Managing Hyponatraemia

Managing Hyponatraemia

Hyponatraemia is defined as a serum sodium concentration below 135 mmol/l. Hyponatremia is the most common type of electrolyte imbalance and occurs in 20% of those admitted to hospital.

The degree of hyponatraemia is classified as Mild: 130–135mmol/L, Moderate: 125– 129mmol/L and Severe: < 125mmol/L.

There are multiple different causes of hyponatraemia, including:

Hypovolemic hyponatraemia- this occurs when both the total body water and sodium content are decreased but the relative decrease in total body sodium is greater than the decrease in total body water.

Hypervolemic hyponatraemia- this occurs when both the total body water and sodium content increase but the relative increase in total body water is greater than the increase in total body sodium, resulting in oedema.

Euvolemic hyponatraemia- this occurs when the total body water increases but the total body sodium remains unchanged, thereby producing a dilutional effect.

If the hyponatraemia is mild and has developed slowly then this is commonly asymptomatic and it is often an incidental finding based on blood tests. If however there are rapid changes in serum sodium levels or the hyponatraemia is severe this can cause symptoms of drowsiness, vomiting, headache, and seizures.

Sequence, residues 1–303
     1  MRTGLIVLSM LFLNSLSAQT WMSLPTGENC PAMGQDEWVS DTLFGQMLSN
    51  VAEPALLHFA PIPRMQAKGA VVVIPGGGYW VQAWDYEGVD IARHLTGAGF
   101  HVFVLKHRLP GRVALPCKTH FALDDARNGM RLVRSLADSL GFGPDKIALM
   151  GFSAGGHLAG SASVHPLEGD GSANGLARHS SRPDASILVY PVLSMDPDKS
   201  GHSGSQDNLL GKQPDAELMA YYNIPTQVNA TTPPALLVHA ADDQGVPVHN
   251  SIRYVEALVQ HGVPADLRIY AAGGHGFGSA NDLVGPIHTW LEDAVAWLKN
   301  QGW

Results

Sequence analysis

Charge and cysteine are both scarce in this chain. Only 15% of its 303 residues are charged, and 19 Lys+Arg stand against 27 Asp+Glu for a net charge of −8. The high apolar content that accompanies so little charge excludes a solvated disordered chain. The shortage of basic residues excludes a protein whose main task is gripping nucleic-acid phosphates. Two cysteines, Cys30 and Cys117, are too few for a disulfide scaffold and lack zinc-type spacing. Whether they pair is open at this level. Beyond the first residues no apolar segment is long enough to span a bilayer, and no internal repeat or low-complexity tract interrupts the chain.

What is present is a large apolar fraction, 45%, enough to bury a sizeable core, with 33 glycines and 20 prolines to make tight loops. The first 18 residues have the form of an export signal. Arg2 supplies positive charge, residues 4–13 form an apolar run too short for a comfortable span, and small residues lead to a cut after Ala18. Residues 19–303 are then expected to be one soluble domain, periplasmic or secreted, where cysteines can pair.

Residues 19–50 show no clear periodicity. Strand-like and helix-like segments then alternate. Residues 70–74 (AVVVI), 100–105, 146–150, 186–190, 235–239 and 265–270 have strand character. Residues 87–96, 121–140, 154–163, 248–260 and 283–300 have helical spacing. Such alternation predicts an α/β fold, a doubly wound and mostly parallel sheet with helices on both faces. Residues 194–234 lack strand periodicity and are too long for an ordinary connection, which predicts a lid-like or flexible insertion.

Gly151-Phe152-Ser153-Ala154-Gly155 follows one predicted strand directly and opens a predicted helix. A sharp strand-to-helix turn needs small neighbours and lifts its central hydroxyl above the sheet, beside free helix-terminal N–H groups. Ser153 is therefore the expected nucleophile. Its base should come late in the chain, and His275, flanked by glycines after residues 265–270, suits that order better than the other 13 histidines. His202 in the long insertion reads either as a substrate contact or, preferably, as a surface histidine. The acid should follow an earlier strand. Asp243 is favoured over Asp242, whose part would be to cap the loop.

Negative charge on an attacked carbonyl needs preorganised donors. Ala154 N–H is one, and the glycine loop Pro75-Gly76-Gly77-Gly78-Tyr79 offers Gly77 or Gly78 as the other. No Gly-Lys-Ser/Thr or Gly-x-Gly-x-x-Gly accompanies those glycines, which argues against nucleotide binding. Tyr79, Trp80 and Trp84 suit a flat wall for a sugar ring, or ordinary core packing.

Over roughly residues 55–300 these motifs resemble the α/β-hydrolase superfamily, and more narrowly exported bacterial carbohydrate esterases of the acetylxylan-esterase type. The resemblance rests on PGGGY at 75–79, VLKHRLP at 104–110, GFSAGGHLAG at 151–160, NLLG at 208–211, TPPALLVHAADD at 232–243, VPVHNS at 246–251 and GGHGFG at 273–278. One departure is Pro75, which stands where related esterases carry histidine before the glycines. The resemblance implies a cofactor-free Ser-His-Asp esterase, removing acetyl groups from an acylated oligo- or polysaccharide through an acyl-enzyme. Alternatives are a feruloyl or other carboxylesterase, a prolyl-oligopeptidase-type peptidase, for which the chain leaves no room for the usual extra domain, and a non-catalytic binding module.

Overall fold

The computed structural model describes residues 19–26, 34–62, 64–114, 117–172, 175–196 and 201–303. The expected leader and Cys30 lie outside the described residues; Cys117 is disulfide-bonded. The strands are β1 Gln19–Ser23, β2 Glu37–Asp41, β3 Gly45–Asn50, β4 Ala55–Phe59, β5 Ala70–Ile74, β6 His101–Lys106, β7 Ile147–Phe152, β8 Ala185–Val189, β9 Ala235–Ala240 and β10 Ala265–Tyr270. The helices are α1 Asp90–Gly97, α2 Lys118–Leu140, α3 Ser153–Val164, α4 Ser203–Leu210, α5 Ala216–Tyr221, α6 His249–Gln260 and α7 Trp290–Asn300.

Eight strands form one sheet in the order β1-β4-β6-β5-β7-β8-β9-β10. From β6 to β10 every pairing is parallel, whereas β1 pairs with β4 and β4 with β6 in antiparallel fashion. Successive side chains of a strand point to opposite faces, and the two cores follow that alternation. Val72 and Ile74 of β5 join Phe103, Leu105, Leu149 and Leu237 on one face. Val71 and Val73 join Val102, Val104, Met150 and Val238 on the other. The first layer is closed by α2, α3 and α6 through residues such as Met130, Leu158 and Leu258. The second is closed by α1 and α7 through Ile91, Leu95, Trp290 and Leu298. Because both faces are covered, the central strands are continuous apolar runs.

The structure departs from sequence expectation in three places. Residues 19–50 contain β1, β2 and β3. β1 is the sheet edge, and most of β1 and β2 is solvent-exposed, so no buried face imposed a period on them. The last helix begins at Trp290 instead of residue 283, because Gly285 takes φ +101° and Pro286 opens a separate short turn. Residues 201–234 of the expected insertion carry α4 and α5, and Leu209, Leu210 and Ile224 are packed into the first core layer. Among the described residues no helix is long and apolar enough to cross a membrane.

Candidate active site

In order to treat hyponatraemia, it is important to understand the underlying cause as a treatment for low blood sodium varies depending on the cause. It can include: • Adjusting the dosage of diuretics; • Restricting fluid intake; • Treating underlying conditions; • Infusing an intravenous sodium solution.

It is imperative that if hyponatraemia is suspected or diagnosed that clinicians provide appropriate care by arranging appropriate investigations, arranging a referral to an appropriate specialist such as an endocrinologist and/or admitting the patient to hospital for treatment.

References

  • Co-written by The TMLEP Clinical Risk and Patient Safety Publishing Group and Ms Zoe Newark, TMLEP Analyst. (2021). Managing Hyponatraemia. TMLEP Clinical Risk Case Studies. 4 (10), 1.

Important Note

This article is intended to raise awareness to clinical risk issues in an effort to reduce incidence recurrence and improve patient safety. This is not intended to be relied upon as advice. Facts have been altered to ensure this case is non-identifiable, albeit clinical learning points remain applicable. To request an independent clinical review, please contact [email protected] or call +44 (0) 203 355 9796.